“I’m not a trained artist,” says Carbondale-based painter Sarah Uhl, as she directs me and 15 others attending her watercolor workshop at the 5Point Adventure Film Festival. Uhl, 35, might not have a formal education as an artist, but her work speaks for itself. Behind Uhl’s whimsical, nature-inspired style is a central mission for environmental and wellness advocacy: She’s helped to raise close to $30,000 for conservation-related causes in the past three years.

Watercolor workshop at the 5Point Adventure Film Festival. Photo by Eric Phillips

Today’s objective? To have fun with our imaginations, which is a key piece to environmental stewardship, says Uhl. “With conservation work and advocacy, there’s no silver bullet. It’s daunting when you learn about the work we need to do to protect the places we love.” Her production pillars include joy, kindness, and inspiration—which led to her collaboration with Chaco, a footwear brand founded in Paonia, Colorado, that’s known for durable, supportive adventure and lifestyle sandals. The company, now based in Rockford, Michigan, unveiled a sandal customizer called Printshop in February, and Uhl is the perfect expressionist to help showcase its technology.

Sarah Uhl with her custom-designed Chacos. Photo by Eric Phillips

After years of development, Chaco’s PrintShop enables anyone to create one-of-a-kind sandals printed with their own design. “With such bombproof products, it’s awesome that consumers can put something on their sandals that they can rock for years and years,” says PrintShop supervisor Bianca Vasovski, who helped spearhead the new feature and now oversees four technicians, as well as Chaco’s 3D dye diffusion machine.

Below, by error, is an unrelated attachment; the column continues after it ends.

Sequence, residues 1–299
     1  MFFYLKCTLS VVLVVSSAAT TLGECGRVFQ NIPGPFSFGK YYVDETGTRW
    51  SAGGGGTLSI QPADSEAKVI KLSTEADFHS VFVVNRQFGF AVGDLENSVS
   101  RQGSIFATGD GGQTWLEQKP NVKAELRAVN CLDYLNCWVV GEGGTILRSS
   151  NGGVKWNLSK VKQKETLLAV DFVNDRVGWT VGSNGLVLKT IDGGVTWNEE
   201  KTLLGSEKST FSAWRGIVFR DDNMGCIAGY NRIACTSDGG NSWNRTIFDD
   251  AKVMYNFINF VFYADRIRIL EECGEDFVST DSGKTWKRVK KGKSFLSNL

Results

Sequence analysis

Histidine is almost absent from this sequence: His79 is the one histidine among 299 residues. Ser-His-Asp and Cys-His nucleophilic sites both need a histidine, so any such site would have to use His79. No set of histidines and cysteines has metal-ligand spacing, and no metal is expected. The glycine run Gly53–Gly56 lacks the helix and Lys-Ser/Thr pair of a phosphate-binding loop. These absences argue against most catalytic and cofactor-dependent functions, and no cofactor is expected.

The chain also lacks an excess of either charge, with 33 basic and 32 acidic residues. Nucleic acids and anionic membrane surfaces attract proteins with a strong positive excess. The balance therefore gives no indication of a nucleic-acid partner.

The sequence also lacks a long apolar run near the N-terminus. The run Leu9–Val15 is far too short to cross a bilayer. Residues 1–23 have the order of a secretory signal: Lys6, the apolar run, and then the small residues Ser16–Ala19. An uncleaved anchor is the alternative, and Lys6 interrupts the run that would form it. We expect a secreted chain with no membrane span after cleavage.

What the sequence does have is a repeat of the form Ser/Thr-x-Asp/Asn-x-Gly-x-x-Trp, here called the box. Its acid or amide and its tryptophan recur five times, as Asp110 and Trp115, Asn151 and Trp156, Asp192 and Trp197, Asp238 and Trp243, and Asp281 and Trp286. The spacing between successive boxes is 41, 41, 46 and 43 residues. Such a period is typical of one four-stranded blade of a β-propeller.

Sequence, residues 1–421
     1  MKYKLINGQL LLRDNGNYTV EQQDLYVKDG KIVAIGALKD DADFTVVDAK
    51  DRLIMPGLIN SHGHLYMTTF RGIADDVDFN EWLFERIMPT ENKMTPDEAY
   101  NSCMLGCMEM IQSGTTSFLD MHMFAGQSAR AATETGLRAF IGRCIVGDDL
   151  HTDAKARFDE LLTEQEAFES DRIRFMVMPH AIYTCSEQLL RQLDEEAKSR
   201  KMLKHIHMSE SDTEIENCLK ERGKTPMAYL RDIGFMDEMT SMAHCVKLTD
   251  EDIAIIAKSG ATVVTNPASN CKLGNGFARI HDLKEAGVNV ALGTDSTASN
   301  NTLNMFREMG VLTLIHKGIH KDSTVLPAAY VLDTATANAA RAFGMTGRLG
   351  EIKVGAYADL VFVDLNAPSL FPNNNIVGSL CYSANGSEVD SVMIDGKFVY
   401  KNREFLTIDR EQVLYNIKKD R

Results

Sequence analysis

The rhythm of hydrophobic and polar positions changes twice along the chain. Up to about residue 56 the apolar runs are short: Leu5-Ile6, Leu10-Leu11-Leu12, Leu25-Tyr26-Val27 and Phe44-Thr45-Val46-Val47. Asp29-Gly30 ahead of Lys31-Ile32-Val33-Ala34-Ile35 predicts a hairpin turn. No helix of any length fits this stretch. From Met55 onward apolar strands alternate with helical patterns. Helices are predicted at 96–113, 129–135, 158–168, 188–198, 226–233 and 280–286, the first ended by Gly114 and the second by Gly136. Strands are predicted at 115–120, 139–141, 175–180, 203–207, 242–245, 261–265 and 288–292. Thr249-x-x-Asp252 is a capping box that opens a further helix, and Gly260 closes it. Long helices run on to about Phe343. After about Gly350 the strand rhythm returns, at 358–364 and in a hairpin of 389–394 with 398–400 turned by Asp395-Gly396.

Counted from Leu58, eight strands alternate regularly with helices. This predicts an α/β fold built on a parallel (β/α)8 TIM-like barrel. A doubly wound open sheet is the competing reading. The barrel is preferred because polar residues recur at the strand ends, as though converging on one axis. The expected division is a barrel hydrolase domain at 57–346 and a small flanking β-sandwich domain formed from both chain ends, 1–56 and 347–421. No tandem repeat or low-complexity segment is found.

Here’s how it works: A customer can submit any image, which is first printed onto a layer of film. “A lot of people send us personal art, photos of dogs, and family portraits,” Vasovski says. Then, a sandal component is placed on a tray in the machine. Overhead, infrared heat hits the film while a vacuum table below activates thermoforming: meaning, air pulls down and suctions the film around the material. Customers can also additional personal touches, including embroidery, for an additional $5.

PrintShop customizations can be made on four of the brand’s sandal iterations—Z/1, Z/2, ZX/1, and ZX/2—as well as the Flip (the Chaco version of flip flops), and a handful of accessories, including a dog collar and belt. Not feeling creative? Choose a stock design from Chaco’s curated library (free of cost), which contains 20 playful, vector-like designs, such as chili peppers and avocados.

And that’s just the beginning. Chaco partnered with Uhl to create several PrintShop sandals that feature her works of art (they’ll be available in 2020). The brand has also teamed up with adventure and underwater photographer Perrin James, woodcut print and apparel crafter Erica Lang, and landscape artist Rachel Pohl—the latter of which kicked-off a limited-edition co-collection with four vibrant shoes two months ago.

Uhl envisions a future PrintShop project that incorporates philanthropic components that are tied to an environmental issue or organization. But at the moment, fueling community-wide creative expression is equally important. “We need a sense of being in touch with ourselves, because from there, our eyes are open wider to what the world needs,” says Uhl. With PrintShop, Chaco is taking a step in the right direction.